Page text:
The contributions helped Cancer Services make over 66,000 contacts to support more than 4,500 cancer survivors in 2018 alone. Services such as help paying for medicine, nutrition and access to wellness programs are provided at no charge to people who need to be concentrating all their energy

But those are just data, raw numbers and statistics.

People and places

The best parts about Solar Bear ride are the people met and the places visited on these slow-rolls across the state.

The Uhwarrie Mountains, while not much fun to ride a bike through, are beautiful and littered with characters. A personal favorite was a man named Harvey Younts, who spent his savings buying an abandoned gold mine near a town called Eldorado, which is Spanish for gold.

We met, too, in Whiteville a descendant of the “other” conjoined twins of North Carolina. Everybody who ever picked up an old paperback copy of the Guinness Book of World Records knows about Chang and Eng Bunker, who eventually settled in Surry County.

But who knew about Christine and Millie McKoy of Whiteville, who also traveled the world in the late 19th century?

Riding past the strange, elliptical and very shallow “Carolina Bays” was strangely exciting. Carolina Bays — Lake Waccamaw is the biggest at 9,000 acres — are the uniformly egg-shaped lakes found along the East Coast with a concentration in Bladen, Brunswick and Columbus counties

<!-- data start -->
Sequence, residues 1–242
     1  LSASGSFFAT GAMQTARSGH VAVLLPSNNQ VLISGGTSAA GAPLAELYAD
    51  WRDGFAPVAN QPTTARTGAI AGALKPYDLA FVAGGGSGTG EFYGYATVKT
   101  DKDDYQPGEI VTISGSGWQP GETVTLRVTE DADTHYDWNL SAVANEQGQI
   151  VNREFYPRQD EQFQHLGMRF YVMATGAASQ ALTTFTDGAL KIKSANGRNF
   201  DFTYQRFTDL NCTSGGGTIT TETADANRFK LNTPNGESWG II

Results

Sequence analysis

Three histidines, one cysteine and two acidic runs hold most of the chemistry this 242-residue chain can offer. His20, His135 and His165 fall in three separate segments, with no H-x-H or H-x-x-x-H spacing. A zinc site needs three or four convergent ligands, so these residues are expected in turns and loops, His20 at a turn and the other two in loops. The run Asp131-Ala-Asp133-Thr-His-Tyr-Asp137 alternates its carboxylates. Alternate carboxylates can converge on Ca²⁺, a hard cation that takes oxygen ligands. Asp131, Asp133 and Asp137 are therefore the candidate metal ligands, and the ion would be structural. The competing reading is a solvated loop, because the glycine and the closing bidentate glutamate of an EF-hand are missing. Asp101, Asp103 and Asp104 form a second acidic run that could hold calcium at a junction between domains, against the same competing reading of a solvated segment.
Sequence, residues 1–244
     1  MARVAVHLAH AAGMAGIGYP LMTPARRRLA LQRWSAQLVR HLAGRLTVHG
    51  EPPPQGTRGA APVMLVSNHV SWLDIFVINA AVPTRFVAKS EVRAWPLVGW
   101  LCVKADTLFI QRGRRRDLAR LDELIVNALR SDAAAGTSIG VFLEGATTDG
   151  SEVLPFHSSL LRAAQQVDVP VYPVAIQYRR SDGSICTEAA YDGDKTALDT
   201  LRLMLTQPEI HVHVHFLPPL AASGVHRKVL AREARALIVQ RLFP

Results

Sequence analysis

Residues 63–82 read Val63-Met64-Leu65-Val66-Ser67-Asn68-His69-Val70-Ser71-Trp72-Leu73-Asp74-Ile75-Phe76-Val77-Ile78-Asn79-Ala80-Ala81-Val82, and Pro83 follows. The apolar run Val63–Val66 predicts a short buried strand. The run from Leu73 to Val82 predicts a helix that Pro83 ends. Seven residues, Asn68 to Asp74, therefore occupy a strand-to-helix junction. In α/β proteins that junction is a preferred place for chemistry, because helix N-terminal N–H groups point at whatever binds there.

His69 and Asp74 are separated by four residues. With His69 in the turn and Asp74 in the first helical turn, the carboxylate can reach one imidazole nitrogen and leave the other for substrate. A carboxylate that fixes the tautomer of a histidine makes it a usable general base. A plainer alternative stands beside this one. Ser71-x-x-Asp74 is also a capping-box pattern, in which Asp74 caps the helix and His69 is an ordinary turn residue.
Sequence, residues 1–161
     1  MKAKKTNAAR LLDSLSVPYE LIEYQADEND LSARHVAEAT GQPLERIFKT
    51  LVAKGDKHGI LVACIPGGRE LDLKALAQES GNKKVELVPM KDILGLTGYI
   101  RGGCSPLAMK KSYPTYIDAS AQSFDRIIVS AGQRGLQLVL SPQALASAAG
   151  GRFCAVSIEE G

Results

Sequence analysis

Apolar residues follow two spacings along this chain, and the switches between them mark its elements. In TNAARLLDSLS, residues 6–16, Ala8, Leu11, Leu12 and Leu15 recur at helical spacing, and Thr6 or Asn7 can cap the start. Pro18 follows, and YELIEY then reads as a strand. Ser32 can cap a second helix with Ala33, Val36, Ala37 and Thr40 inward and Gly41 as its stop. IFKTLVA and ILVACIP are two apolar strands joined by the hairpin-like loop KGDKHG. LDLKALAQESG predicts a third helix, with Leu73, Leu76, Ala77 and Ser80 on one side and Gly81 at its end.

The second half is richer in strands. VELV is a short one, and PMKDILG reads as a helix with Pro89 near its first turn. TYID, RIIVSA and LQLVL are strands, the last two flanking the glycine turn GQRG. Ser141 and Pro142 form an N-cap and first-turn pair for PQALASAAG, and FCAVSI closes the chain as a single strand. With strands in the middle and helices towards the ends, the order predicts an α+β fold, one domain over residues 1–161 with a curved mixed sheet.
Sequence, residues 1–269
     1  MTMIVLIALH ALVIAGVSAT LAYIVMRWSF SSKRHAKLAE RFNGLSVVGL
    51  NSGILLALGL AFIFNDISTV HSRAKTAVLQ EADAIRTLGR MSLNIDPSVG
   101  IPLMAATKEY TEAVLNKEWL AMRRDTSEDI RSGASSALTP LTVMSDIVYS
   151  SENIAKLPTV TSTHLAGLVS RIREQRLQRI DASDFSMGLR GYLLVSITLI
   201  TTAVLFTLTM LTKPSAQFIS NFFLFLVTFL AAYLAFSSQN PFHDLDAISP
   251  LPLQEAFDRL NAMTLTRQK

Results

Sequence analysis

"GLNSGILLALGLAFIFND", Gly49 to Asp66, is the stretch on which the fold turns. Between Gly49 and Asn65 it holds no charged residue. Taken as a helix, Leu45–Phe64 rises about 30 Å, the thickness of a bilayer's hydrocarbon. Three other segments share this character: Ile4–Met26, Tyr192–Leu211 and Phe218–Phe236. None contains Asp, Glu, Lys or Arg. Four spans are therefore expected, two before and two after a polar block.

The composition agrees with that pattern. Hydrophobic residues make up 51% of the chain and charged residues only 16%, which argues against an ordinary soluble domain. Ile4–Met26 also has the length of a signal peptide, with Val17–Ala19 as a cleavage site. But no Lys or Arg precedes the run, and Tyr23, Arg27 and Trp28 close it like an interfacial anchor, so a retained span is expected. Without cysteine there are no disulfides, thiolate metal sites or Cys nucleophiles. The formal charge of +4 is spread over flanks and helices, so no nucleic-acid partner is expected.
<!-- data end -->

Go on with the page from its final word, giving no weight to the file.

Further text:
Depending who you believe, the lakes were either caused by an ancient and massive meteor shower, an alien invasion or prehistoric fish spawns.

And then, of course, we have people like Malek Rais, the perpetually upbeat cancer survivor and patient advocate who has made it his mission in life to help others staring at the same fight (and hardships) he survived.

“In a nutshell, after surgery and the treatment after … the insurance I had didn’t cover it,” Rais told me years ago. “We needed a little bit of help and (Cancer Services) provided it. We’re educated people, but we were ignorant about Cancer Services.”

“You just don’t know until you’re affected directly.”

When I ran into Rais Wednesday morning, I was nervous. I had news.

This Solar Bear ride is going to be the last one that goes all the way to the coast. The riders, whether or not they’ll admit it, are aging. Three heart ailments, a grandkid, marriages, sore backs and knees — life — has intervened. Next year, perhaps a hyper local Solar Bear over a single day with a beer at the end surfaces.

And instead of me scrambling to write something different along the way, the plan is for a couple re-runs, highlights from the past six years. It’s hard to ride 100 miles and then go to work. I’d like to enjoy this one.

It wasn’t news I looked forward to sharing. But seeing a smiling Malek Rais put it all into perspective.

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ssexton@wsjournal.com

336-727-7481

@scottsextonwsj